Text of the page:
Program Short-Term Success  Brooks House will provide multi-tiered housing options for stabilizing homeless former prisoners and families.  Brooks House will provide opportunities for children to reunite with parents on weekends.  Brooks House will have a staffing structure that balances independence of the client base with supports for emergency services, clothing, case management, peer social model supports, recovery services, and civil legal support,
Program Long-Term Success  Brooks House aims to provide a stable platform for housing and services for ex-offenders, more geared towards families and permanent housing than the other housing platforms.  Referrals can come from within Dismas or from other shelters and providers.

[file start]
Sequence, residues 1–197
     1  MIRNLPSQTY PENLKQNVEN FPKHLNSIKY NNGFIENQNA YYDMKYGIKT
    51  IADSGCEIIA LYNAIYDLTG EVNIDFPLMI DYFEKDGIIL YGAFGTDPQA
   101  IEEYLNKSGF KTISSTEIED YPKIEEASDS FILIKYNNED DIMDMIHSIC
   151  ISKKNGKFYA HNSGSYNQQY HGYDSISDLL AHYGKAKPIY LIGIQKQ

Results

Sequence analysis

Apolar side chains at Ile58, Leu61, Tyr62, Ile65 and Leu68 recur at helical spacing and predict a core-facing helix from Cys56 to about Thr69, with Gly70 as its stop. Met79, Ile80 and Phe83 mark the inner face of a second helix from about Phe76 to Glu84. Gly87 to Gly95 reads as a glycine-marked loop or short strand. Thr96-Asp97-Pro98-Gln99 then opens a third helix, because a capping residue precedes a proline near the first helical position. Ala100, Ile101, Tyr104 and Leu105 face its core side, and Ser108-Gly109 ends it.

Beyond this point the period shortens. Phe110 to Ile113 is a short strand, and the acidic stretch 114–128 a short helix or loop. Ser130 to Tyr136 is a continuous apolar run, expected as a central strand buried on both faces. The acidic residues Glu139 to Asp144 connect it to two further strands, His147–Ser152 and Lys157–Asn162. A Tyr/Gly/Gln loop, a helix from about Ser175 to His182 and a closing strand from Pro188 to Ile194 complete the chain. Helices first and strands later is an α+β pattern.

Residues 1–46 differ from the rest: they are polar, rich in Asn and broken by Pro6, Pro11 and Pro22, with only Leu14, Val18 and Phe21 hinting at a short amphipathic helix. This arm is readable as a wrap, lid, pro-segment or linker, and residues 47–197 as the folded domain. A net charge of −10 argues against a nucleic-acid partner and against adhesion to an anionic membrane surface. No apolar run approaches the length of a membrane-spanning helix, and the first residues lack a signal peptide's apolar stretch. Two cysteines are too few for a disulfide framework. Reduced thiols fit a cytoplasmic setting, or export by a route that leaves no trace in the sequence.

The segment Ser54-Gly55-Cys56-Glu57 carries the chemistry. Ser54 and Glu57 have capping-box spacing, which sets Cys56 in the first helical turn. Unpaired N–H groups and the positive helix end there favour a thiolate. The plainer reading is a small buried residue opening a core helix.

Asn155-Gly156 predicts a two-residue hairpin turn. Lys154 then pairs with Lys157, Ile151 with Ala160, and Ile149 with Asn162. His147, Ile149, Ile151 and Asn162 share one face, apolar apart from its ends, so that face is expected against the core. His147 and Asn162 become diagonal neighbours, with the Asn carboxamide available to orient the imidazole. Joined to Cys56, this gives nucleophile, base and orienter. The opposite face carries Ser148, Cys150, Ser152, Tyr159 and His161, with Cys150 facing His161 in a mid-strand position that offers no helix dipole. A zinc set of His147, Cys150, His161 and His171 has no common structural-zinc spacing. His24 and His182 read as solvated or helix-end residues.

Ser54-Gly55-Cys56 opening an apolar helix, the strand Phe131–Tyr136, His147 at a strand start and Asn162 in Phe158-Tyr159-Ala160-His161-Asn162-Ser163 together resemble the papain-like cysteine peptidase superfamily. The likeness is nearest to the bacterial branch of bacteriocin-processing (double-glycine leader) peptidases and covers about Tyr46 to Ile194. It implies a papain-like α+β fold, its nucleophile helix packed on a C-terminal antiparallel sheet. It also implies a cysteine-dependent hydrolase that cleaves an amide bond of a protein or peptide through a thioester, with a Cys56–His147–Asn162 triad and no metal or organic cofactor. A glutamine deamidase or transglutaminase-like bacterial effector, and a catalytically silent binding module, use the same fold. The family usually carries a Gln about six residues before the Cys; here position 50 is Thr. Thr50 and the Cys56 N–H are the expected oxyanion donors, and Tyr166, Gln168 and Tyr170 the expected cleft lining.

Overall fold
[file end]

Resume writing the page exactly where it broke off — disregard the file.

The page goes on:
Program Success Monitored By  The same tools utilized to measure efficacy of other Dismas housing programs - the United Way logic model, exit evaluations, case notes, and courthouse recidivism reviews allow Dismas to measure homelessness and recidivism rates.
Examples of Program Success  Erin moved into Brooks House two years ago.  She had an extensive history of homelessness and domestic abuse.  She exited shelter and gained an apartment, supported by Dismas staff.  She has maintained a strong recovery network, employment, and is moving into a new apartment.

CEO/Executive Director/Board Comments